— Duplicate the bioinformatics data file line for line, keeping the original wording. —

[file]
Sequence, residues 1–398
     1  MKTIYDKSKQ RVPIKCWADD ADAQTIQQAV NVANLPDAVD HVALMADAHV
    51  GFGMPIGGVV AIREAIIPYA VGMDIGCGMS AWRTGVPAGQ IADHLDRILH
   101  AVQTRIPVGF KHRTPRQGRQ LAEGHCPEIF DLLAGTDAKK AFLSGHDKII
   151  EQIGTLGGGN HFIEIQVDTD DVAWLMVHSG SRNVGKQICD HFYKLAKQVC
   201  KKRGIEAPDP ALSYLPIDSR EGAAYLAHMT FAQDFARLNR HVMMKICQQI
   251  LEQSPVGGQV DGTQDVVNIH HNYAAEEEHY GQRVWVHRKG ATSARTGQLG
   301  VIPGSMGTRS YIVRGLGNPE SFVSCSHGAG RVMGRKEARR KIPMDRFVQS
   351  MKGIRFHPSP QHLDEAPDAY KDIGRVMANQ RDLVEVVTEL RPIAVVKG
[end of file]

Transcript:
Sequence, residues 1–398
     1  MKTIYDKSKQ RVPIKCWADD ADAQTIQQAV NVANLPDAVD HVALMADAHV
    51  GFGMPIGGVV AIREAIIPYA VGMDIGCGMS AWRTGVPAGQ IADHLDRILH
   101  AVQTRIPVGF KHRTPRQGRQ LAEGHCPEIF DLLAGTDAKK AFLSGHDKII
   151  EQIGTLGGGN HFIEIQVDTD DVAWLMVHSG SRNVGKQICD HFYKLAKQVC
   201  KKRGIEAPDP ALSYLPIDSR EGAAYLAHMT FAQDFARLNR HVMMKICQQI
   251  LEQSPVGGQV DGTQDVVNIH HNYAAEEEHY GQRVWVHRKG ATSARTGQLG
   301  VIPGSMGTRS YIVRGLGNPE SFVSCSHGAG RVMGRKEARR KIPMDRFVQS
   351  MKGIRFHPSP QHLDEAPDAY KDIGRVMANQ RDLVEVVTEL RPIAVVKG